Early spring moths

The Infant

I hadn’t intended for yesterday’s post to ramble on quite so much as it did. When I sat down to start to write, I had only planned for a single introductory paragraph explaining the background of my interest in moths. Somehow, when I place my fingers on a keyboard, they get carried away, and words just start to flow out.

Speckled Green Fruitworm Moth

So the initial purpose of yesterday’s post was to talk about the start of the mothing season. On Monday evening the weather was reasonably warm and clear, so I visited TTPBRS for an hour or so and hung up my sheet and blacklight to see if I could draw anything in. I just got a single moth, but I was pleased to get anything at all given that it was still so early in the season. The first moth of spring was the above individual, a Speckled Green Fruitworm moth. It’s a widespread and abundant species, and one of the first to come out in the spring, even though they overwinter as pupae, not adults. They’re extremely variable, with individuals ranging from the buffy-brown of this one, to grayish, to whiteish.

This variability can really throw me off with some of these species ’cause you think you’ve got something different or special and it turns out to be just another fill-in-the-blank-here. And then you’ve got other species that look so similar to each other they can be hard to tell apart. I guess that’s not all that unlike birds. You’ve got the variable Dark-eyed Junco with all its different-coloured subspecies, which can all occur together in some parts of the country, and then you’ve got the Willow/Alder Flycatcher complex, where the two species are only really distinguishable by song.

Moth number two was the top introductory photo, a day-flier called The Infant, found at my parents’ the following day. Being out in mid-day, basking with its wings spread in the sun in the lee of the barn, being brightly coloured, and then also the way it fluttered, it all reminded me of a butterfly, but it wasn’t any butterfly I was familiar with. Of course, the shape and position of the wings, and the lack of club tips to the antennae, all gave it away as a moth in the end. It’s a common and widespread early moth of the north, usually found near birch, its foodplant, and could be seen (along with a few other day-flying early-spring species) on a hike in the woods on a warm afternoon.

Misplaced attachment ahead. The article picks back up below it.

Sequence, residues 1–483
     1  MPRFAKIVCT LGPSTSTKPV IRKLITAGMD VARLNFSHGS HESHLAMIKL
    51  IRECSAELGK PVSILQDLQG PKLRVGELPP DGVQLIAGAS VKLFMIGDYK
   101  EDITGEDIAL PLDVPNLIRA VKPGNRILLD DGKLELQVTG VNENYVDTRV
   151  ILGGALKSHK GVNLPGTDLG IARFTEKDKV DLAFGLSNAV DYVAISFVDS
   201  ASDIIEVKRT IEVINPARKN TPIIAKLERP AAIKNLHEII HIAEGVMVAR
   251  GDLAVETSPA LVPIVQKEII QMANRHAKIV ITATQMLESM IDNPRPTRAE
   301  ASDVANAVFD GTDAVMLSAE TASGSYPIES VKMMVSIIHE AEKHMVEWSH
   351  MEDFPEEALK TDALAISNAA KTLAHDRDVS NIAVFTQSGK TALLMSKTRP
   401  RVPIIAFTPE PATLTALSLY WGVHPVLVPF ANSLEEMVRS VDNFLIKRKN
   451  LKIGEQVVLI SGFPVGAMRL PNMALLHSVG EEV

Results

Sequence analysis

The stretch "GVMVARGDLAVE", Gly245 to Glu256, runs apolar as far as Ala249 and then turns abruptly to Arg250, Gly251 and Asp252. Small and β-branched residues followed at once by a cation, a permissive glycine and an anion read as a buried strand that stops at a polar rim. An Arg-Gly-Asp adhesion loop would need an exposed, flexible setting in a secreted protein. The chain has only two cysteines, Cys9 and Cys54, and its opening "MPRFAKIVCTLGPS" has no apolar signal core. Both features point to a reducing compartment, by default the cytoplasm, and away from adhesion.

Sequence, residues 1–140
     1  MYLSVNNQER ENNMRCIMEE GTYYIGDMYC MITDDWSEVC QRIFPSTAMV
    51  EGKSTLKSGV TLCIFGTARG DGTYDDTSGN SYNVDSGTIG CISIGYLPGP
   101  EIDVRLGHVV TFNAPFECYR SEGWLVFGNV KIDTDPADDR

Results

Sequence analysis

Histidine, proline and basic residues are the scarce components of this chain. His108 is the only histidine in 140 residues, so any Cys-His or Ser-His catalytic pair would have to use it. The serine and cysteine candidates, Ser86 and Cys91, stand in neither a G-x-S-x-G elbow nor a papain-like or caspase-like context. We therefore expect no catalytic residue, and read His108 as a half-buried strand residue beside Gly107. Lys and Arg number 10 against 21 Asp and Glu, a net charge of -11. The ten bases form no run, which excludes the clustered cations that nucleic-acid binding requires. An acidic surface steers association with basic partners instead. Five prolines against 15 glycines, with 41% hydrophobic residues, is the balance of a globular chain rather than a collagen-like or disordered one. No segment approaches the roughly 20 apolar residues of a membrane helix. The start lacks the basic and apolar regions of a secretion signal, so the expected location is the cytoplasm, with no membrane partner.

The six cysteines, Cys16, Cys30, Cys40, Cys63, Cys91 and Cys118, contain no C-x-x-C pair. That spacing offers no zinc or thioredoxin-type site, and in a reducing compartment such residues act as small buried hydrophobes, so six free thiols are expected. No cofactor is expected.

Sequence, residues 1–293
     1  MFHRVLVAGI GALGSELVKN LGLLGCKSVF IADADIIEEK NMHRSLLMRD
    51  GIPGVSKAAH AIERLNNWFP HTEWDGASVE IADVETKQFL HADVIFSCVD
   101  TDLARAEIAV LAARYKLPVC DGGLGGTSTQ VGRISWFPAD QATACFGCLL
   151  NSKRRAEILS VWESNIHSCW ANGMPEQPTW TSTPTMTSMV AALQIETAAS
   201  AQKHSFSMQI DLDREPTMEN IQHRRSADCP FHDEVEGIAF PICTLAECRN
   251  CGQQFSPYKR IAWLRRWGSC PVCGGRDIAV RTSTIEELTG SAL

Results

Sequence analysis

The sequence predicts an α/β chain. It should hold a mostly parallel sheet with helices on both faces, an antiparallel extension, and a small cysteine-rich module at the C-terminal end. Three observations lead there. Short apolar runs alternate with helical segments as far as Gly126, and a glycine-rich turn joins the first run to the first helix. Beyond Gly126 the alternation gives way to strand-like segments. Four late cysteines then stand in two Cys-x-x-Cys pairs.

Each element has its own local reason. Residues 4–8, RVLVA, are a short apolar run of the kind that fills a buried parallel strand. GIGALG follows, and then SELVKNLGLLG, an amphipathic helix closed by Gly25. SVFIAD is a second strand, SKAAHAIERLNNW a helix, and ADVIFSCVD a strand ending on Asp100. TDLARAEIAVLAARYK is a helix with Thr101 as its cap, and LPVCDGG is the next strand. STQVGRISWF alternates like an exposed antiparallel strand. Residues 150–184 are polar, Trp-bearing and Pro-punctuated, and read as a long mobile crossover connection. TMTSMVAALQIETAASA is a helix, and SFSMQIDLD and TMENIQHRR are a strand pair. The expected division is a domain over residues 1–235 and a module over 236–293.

Spring Cankerworm

That evening I set out a couple of sheets hoping to perhaps catch a few moths. Well, was I ever surprised to eventually get not just a handful, but 50 moths to the sheets in four hours after dusk. Of this 50, 24 were the above species, by far the most common of the evening. This may be because their larval food is maple, birch, cherry, and a few other deciduous species, all quite common in the forests around my parents’ (in fact, the one sheet was actually hanging from the branches of a maple). They overwinter in the soil and pupate to emerge in early spring. The females are flightless, lacking wings altogether, and resemble something like a cross between a spider and a beetle.

The Half-wing The Half-wing (dark morph)

The above two moths are of the same species, The Half-wing, so named because females of this species are also flightless, but sport cute half-sized wings to at least resemble a moth. Yet another species whose flight period is restricted to early spring, these were caught in moderate numbers at the sheets, as well, the second-most common with 18 individuals. The species has two colour morphs, the white individual at left, and a dark melanistic morph, at right. I caught two of the dark guys, and originally thought they were a separate species before I looked it up. They’re closely related to the Spring Cankerworms, though separate in genera.

Morrison's Sallow

I caught a few other less common species, as well, including the above Morrison’s Sallow, which overwinters as an adult (this is a particularly ratty individual), and a few “micromoths”, little guys less than an inch long, which are more challenging to identify (so I haven’t yet).

The weather has cooled down, and we may not have another good evening for moths for a little while, though the long-range forecast suggests next weekend may be fairly warm. In the meantime, I’ll be looking for some of the day-fliers on the sunny afternoons.


Author: Seabrooke

Author of Peterson Field Guide to Moths. #WriteOnCon Mastermind. Writer of action/thriller SF/F YA. Story junkie. Nature nut. Tea addict. Mother. Finding happiness in the little things. Twitter: @SeabrookeN / @SeabrookeLeckie

11 thoughts on “Early spring moths”

  1. Aha! Now I know why some moths look so ratty!
    Question: Where does one procure glow-in-the-dark sheets? The housewares departments don’t usually advertise phosphorescence as a quality in bedding. :)

  2. Very interesting posts on moths. I have never given them much notice except to shoo them away from my door when I want to go inside. Your pictures are beautiful.

  3. Lavenderbay: Pretty much any cotton bedsheet would work fine. Synthetic fibres tend not to pick up blacklight the same. I’ve read that washing the sheet with laundry detergent helps with its phosphorescence, so if your cotton sheet doesn’t glow as much as you’d like, you can try that.

    Thanks, Ruth. I must admit that before last summer I hadn’t paid them a whole lot of attention, either. So I was pretty amazed at what I found once I did.

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